Las Vegas region tourists and casino managers are following closely whether a patient now “under investigation” for the novel coronavirus has contracted the possibly fatal respiratory illness. Within 48 hours, Clark County health officials will know the results of a medical test. But as of Wednesday, there were no confirmed cases in Clark County.
Southern Nevada Health District officials revealed the patient spent time recently in Wuhan, China, where there is an outbreak of the illness. To return home, the Clark County resident flew into a Las Vegas airport. The person did not have symptoms during the flight.
As of now, Las Vegas’ McCarran International Airport is not screening for the coronavirus. Last week, five airports in the US were screening, and this week it is up to 20, officials said.
“The Centers for Disease Control (CDC) is the agency that determines where and when passenger screening is needed,” Joe Rajchel, public information administrator at McCarran, told Casino.org.
“The CDC is currently conducting screening activities at US airports designated as quarantine stations. McCarran International Airport (LAS) is not a quarantine station, and the CDC has not deemed screening activities to be necessary at LAS,” Rajchel added in the statement.
He says that “if and when the CDC decides action is needed at LAS, we will readily accommodate and partner with them to allow the CDC’s public health experts to conduct the activity they believe necessary.”
There are no direct flights to Las Vegas from China, so the Clark County patient must have stopped at another location to board a flight to Las Vegas, officials said.
It was unknown if the patient visited any casinos in the Las Vegas region upon returning from China.
Casinos have not been identified as being at higher risk for disease transmission,” Jennifer L. Sizemore, spokeswoman for the Southern Nevada Health District, told Casino.org.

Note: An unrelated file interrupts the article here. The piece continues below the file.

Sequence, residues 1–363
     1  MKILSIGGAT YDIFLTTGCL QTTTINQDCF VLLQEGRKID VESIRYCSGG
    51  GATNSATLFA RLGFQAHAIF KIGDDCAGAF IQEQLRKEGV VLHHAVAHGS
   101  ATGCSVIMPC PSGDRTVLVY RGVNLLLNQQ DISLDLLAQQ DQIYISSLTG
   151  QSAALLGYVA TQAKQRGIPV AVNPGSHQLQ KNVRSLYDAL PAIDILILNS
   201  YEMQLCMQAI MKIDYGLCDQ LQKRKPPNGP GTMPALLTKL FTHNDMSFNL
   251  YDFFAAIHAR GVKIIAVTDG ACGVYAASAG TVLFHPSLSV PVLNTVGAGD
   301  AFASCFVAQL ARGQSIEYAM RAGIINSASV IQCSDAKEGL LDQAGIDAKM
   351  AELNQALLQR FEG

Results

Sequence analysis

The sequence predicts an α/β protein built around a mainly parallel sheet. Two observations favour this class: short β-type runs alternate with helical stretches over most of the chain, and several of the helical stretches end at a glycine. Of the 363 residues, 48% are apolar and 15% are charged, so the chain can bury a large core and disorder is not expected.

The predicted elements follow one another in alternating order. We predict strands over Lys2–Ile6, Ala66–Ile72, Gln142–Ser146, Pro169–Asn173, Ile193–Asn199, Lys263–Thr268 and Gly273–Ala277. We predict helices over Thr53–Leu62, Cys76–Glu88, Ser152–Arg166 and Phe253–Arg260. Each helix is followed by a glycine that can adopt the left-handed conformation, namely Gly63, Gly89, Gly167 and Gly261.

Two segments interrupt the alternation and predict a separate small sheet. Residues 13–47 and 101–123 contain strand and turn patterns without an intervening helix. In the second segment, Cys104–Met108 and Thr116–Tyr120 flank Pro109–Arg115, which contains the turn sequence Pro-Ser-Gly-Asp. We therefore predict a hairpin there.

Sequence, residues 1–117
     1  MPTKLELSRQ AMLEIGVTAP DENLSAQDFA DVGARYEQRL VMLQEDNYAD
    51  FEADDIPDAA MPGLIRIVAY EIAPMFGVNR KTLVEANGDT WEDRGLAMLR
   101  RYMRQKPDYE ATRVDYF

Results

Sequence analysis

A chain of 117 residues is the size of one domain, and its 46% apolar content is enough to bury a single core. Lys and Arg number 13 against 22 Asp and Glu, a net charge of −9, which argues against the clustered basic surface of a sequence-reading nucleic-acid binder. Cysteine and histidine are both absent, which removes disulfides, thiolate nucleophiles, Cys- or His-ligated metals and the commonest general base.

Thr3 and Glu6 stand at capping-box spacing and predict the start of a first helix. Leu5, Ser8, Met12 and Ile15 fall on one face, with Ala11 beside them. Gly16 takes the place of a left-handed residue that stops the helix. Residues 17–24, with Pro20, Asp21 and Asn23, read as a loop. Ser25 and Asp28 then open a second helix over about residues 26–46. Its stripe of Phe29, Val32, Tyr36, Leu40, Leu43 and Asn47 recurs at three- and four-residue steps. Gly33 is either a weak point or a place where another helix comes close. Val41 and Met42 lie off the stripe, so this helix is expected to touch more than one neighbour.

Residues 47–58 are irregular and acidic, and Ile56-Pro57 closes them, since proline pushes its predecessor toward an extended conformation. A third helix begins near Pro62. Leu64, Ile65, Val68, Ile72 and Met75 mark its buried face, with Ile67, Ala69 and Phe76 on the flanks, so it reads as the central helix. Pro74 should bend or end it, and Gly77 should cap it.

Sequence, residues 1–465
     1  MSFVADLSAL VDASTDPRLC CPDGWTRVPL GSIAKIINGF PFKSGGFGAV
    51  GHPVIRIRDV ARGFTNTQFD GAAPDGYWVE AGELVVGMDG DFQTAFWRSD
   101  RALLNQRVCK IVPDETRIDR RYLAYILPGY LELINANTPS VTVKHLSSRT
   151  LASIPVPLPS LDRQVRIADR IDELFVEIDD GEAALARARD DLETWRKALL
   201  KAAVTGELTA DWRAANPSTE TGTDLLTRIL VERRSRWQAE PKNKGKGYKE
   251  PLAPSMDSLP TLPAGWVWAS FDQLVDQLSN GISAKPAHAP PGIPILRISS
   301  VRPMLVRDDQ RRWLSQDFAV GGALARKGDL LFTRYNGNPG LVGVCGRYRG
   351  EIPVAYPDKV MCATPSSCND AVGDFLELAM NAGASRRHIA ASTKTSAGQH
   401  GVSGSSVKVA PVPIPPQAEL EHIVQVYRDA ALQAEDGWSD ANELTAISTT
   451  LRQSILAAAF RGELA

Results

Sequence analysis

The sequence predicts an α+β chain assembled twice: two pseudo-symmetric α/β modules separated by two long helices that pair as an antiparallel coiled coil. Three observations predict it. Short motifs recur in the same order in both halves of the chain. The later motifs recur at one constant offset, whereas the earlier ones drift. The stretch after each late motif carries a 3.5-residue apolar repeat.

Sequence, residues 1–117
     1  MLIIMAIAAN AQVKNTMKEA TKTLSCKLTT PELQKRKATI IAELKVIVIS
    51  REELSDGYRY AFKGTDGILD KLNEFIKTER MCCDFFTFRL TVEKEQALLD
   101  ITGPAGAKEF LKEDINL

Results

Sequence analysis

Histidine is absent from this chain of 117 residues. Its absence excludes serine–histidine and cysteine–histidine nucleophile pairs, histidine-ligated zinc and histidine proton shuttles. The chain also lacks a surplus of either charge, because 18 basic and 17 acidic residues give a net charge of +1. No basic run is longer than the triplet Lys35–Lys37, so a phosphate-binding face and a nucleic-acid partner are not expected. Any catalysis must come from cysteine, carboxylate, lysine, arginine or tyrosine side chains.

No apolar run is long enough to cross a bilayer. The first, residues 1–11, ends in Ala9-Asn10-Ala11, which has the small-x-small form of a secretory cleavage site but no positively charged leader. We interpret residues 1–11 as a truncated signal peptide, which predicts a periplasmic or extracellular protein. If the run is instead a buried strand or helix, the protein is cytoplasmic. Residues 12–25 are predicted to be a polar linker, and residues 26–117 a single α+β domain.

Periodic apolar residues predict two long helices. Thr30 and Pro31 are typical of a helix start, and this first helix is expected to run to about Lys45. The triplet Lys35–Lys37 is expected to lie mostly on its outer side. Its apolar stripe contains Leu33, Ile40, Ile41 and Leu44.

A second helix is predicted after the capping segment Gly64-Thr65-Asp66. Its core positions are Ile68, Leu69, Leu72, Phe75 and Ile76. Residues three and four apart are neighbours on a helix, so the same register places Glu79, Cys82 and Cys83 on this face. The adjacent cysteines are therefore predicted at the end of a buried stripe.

Chinese health officials believe that one can be asymptomatic and still pass on the illness. Some US doctors are skeptical of that claim.
The Clark County patient developed mild respiratory symptoms after the flight home. These include a runny nose, coughing, and shortness of breath.
As of Tuesday night, the patient was in stable condition at a local hospital and was kept in isolation. The patient’s name and hospital’s identity were not released by the health district.
In a Wednesday morning press conference, health district medical investigator Dr. Vit Kraushaar urged Clark County residents, if they are feeling “sick,” to “please stay home” from work.
Health professionals have already talked to the patient about where he/she traveled and any people with whom the person came into contact. If the CDC lab test is positive, the health district will conduct more detailed interviews.
“While the CDC considers this outbreak to be a serious public health threat, based on current information, the immediate risk from the coronavirus to the public in the United States is believed to be low at this time,” Jennifer Sizemore stated. “People who have not traveled to an area where the virus is circulating or have [not] had close contact with a patient who has tested positive for the virus are at low risk for infection.”
Wynn Resorts management is also following the health situation in Nevada. “Safeguarding the health of our guests and employees is of the highest importance at all of our resorts,” a Wynn Resorts spokesman told Casino.org on Wednesday.